.
CNN Radio News Day:  December 24, 2012
There's fear Syria's ongoing civil war is quickly getting worse.
December 24th, 2012
04:30 PM ET

CNN Radio News Day: December 24, 2012

CNN Radio News Day is an evening news program providing an informative, thoughtful and creative look at the day's events. It's posted Monday through Friday at 4:30 pm ET.

You don’t have to be at this blog to listen, we want you to take us with you! Click the download button in the SoundCloud player and put us on your smart phone or tablet and bring us with you in the car, on the train or while you’re working out.

(CNN) – Welcome to CNN Radio News Day.

  • In Syria, fears are growing that the country's two-year-old civil war is getting worse.  Anti-regime activists say the conflict has already claimed some 40,000 lives.  Meanwhile, international peace envoy Lakhdar Brahimi was in Damascus today for meetings with Syrian President Bashar Al-Assad. Afterward, Brahimi told reporters the two men talked about ways to resolve the conflict.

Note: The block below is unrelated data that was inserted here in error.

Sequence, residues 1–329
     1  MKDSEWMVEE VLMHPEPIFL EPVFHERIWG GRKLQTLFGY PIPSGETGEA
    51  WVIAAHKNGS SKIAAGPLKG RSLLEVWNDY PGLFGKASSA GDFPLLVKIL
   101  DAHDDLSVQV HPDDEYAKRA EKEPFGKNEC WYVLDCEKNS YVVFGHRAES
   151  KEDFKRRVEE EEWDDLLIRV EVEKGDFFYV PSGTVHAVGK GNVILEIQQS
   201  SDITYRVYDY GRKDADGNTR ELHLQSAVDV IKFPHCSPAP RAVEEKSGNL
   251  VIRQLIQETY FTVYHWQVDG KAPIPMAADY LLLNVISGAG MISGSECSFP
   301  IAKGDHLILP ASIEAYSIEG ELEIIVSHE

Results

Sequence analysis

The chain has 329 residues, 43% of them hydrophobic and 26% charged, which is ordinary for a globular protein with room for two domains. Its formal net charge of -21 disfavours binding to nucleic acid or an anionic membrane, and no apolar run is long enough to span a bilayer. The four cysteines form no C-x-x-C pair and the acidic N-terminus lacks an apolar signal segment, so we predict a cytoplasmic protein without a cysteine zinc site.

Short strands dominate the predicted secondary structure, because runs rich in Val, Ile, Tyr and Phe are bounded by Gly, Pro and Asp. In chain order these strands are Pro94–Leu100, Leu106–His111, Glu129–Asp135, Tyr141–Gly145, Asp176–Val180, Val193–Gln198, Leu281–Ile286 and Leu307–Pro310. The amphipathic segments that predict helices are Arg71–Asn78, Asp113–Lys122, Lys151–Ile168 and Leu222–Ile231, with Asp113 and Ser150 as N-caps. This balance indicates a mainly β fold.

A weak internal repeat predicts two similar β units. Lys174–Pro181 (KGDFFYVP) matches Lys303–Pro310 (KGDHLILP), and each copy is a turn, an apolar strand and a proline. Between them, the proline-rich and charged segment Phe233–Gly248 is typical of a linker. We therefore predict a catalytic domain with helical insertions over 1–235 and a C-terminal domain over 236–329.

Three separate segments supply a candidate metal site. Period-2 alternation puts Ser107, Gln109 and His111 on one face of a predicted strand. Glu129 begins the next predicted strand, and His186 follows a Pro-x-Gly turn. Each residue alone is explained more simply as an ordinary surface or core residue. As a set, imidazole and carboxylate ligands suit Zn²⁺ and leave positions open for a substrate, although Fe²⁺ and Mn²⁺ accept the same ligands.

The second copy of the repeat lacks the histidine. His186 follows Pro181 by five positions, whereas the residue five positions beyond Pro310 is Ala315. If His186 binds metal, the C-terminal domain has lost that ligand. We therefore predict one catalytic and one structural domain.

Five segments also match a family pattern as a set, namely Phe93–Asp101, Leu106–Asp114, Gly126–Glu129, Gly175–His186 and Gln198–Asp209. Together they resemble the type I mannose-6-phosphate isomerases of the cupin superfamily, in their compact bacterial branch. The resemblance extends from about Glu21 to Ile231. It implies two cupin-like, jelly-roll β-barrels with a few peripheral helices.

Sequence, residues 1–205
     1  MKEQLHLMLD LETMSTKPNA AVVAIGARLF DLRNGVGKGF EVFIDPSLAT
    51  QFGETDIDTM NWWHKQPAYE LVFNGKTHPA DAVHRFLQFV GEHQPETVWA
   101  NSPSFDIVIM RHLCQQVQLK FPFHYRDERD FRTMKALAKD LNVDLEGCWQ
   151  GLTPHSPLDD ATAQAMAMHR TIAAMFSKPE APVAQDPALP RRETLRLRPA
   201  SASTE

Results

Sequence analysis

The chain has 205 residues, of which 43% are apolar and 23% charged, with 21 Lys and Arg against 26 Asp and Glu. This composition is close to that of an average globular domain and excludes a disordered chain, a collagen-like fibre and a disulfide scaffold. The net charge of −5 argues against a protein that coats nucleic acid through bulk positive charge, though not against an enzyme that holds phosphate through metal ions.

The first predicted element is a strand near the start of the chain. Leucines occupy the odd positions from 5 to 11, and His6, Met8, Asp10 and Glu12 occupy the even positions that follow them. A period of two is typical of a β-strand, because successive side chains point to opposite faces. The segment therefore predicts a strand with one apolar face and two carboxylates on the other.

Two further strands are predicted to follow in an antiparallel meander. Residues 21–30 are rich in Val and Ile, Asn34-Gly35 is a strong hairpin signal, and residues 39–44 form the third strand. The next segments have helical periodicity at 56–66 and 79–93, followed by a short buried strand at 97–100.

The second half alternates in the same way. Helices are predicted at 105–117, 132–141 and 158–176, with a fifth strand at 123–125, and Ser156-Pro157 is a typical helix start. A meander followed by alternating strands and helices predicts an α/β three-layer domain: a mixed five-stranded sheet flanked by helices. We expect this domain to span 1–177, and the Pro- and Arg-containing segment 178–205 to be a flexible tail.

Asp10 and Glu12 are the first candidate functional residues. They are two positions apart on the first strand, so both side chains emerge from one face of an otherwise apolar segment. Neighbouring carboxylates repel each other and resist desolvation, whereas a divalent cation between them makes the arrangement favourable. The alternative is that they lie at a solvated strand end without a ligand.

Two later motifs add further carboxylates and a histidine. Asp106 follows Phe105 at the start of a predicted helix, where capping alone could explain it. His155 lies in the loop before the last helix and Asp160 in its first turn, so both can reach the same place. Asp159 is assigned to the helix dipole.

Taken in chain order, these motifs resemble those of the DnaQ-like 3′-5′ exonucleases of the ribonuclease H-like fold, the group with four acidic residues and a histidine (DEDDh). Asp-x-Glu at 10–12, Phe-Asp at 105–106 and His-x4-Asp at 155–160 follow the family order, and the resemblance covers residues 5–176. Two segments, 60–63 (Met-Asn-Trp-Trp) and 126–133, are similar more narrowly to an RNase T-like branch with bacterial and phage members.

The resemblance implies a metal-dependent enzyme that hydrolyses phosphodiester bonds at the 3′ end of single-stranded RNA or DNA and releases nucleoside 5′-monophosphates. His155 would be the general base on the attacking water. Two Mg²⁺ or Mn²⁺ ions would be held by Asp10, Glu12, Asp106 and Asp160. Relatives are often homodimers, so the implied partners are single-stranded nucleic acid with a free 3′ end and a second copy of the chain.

" We have exchanged oppinions about the possible steps that can be taken in the future.   I also talked about which steps I see need to be taken to help the Syrian people get out of this crisis,"  Brahimi said.

  • This time of year, the quasi-parasitic plant known as mistletoe takes center stage in songs and decorations.  The evergreen  got its start as a holiday decoration because of its beauty. Behind that beauty though lies a dark side. Mistletoe actually saps  energy from trees and can eventually kill them. It first appeared in as a holiday decoration in early 18th century Great Britain.  That's also where mistletoe's kissing tradition began says Dr. Ronald Hutton, who  studies British custom and history.

"The custom of kissing under the mistletoe arises in London in the late 18th century it's about as old as America itself and it originates among servants below the stairs in quite rich homes in London, " says Hutton.

  • And before hip-hop's Outkast ever won a Grammy for album of the year and sold some 50 million records,  Andre 3000 and Big Boi were just a couple of Atlanta teenagers in search of a hit. They found their first piece of musical success when they were asked to be a part of a Christmas album.

"They're like 'we're gonna put ya'll on a Chrismas album'.  We're like 'man they're trying to sabotage us before our career even gets started," Big Boi tells CNN's Gavin Godfrey.

Subscribe to this podcast on iTunes or Stitcher. And listen to News Day on our SoundCloud page.

soundoff (No Responses)

Comments are closed.

Follow

Get every new post delivered to your Inbox.

Join 115 other followers